The First Amendment of the U.S. Constitution means nothing if its highest ideals are not staunchly protected during times of unrest. It means nothing if we reconsider – or undermine – the principles embedded in those words when public hate is on the rise and the purveyors of that hatred turn it into a weapon.
The First Amendment wasn’t crafted to be used only by those we deem good and righteous or in times of unity and prosperity. It was written because the Founders knew strife was going to be a feature of our form of democracy, and the most tempting way to re-establish calm and comfort would be to silence those we think ugly and unworthy of the unalienable rights bestowed upon us.
White supremacists and nationalists deserve First Amendment protections, too. Just as we thought it ill-advised when the Trump administration coyly floated the idea of gutting the First Amendment because the president didn’t like news coverage, we think it is equally inadvisable to even toy with the notion of rolling back free speech protections, a notion that has at least some support in the ACLU and progressive communities in the wake of Charlottesville. As vile as they are – racial epithets and “Jews will not replace us” were among the many things they said – there should be no white supremacist exception to the First Amendment.
That’s why we found it questionable last week when the ACLU announced it wouldn’t defend the free speech rights of white supremacists who legally carried weapons at rallies.
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At issue, however, is more than the letter of the First Amendment, which is focused on the legal limits the government faces regarding speech. We are talking about its spirit, which is designed to foment a robust exchange of ideas to strengthen this country. That means even private institutions and organizations should consider the ramifications before firing employees because of unpopular speech, and it means those involved in the Antifa movement, which is purportedly a vanguard against the rise of white supremacy, must honor it as well. Violence and threats of violence should be neither encouraged nor tolerated.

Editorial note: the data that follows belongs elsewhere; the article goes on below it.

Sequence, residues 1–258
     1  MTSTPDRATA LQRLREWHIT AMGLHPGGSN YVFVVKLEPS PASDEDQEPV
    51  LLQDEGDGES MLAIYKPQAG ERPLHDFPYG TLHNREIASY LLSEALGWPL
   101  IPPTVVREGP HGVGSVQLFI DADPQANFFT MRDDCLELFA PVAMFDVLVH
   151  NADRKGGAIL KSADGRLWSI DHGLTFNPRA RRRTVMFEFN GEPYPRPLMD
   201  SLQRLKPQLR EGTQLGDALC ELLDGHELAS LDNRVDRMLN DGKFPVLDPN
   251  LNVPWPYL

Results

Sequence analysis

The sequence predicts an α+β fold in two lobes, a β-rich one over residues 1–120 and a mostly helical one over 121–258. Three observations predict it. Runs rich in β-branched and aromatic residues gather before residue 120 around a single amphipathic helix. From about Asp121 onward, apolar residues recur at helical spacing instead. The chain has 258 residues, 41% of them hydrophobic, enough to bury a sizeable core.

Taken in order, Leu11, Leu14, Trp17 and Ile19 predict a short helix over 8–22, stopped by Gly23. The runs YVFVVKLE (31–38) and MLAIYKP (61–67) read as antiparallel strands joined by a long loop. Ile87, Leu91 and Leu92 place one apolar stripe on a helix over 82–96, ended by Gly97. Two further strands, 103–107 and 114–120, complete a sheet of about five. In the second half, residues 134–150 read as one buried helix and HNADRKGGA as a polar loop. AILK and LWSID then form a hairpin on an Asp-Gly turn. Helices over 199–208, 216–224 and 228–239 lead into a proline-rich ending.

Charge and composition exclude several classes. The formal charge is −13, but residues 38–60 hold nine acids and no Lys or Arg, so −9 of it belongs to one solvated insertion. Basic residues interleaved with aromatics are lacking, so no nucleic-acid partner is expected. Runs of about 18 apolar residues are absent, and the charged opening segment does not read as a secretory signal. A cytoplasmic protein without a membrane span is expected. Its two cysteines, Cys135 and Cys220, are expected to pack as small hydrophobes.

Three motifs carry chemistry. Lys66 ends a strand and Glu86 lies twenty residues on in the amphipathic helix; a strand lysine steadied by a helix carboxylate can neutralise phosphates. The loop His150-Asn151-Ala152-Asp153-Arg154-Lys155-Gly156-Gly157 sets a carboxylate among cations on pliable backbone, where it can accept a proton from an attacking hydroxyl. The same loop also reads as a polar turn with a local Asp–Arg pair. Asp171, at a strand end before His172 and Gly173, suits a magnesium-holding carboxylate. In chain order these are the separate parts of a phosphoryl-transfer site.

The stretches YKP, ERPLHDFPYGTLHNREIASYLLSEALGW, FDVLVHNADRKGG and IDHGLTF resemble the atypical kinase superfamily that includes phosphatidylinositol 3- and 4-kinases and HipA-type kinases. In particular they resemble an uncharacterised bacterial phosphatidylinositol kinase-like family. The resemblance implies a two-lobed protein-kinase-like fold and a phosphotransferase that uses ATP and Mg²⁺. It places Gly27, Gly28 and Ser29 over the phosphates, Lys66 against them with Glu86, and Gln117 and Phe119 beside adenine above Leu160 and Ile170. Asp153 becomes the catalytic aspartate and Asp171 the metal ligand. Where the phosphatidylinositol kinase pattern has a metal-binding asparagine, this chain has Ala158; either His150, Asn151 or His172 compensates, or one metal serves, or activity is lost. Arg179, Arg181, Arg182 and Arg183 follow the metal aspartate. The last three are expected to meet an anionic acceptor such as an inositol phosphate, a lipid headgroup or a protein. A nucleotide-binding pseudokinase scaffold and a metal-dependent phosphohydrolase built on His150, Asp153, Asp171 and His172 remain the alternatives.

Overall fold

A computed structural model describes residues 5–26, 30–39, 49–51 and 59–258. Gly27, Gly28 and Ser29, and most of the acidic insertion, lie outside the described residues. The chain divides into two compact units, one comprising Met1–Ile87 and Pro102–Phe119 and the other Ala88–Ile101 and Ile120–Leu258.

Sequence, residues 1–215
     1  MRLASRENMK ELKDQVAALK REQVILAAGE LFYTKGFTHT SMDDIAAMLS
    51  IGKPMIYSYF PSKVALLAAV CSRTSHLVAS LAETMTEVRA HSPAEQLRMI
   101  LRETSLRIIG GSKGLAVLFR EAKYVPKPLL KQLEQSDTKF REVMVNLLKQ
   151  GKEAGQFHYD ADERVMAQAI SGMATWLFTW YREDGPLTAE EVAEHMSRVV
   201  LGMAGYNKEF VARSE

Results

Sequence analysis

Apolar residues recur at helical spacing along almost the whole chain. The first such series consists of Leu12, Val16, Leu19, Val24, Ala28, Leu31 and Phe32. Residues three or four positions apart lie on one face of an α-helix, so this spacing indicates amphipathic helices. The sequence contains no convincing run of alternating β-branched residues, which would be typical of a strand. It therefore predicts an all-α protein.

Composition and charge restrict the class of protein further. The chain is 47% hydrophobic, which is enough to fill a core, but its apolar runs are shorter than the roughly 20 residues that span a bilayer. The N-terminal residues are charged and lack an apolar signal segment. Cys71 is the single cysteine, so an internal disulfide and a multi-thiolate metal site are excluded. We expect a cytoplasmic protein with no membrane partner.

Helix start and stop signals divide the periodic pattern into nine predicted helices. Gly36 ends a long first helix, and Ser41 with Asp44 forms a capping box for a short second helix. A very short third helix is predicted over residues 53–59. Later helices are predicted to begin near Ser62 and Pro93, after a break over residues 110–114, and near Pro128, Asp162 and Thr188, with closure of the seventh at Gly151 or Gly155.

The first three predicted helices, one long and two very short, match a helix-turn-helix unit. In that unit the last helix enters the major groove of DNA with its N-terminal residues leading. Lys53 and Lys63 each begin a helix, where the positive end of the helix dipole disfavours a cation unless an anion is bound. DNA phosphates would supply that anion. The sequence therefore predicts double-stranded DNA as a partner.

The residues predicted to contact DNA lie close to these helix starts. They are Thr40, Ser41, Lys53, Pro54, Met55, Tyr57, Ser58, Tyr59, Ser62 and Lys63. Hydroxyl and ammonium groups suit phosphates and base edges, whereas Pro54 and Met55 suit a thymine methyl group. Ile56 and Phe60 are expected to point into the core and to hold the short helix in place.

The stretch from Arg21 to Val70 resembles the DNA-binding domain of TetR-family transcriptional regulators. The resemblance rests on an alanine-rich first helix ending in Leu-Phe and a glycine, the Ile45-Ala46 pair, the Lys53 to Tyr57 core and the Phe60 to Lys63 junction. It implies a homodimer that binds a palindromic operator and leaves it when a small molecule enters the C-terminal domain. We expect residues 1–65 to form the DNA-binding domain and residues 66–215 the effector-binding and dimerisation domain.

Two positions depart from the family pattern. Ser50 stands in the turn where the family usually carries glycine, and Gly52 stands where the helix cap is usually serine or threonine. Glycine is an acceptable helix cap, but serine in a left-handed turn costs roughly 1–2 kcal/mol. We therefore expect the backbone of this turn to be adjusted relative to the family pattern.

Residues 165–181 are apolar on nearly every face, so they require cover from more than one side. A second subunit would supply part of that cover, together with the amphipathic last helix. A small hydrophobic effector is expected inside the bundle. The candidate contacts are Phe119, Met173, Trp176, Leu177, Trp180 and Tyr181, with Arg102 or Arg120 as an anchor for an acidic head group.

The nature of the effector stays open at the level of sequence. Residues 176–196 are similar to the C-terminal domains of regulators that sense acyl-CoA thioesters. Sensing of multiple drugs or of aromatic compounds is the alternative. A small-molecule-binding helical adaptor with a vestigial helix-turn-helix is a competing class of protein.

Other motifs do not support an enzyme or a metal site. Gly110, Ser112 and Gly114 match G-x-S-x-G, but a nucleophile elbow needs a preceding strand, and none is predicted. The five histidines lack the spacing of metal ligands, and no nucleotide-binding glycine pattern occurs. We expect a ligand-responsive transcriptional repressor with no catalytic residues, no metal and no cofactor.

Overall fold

The North Carolina House also failed to honor the spirit of the First Amendment this year when it passed a bill that would offer some protections to drivers who run over protesters. Fortunately, the bill was shuttled off to a Senate committee, where it will likely remain in the wake of Charlottesville. But the bill’s co-sponsors, Reps. Justin Burr and Chris Millis, continued to defend it last week.
“It is intellectually dishonest and a gross mischaracterization to portray North Carolina House Bill 330 as a protection measure for the act of violence that occurred in Charlottesville this past weekend,” they said in a statement to The Intercept.
Actually, it’s intellectually dishonest to claim the spirit of that bill – and others proposed in about a half-dozen states in response to Black Lives Matter and Native American protests – did not send a chilling message about what kind of speech was acceptable. It was as ill-advised as talk about preventing white supremacists from protesting in the public square.
This is not easy. But the First Amendment has served us well. We should do nothing to dilute its power.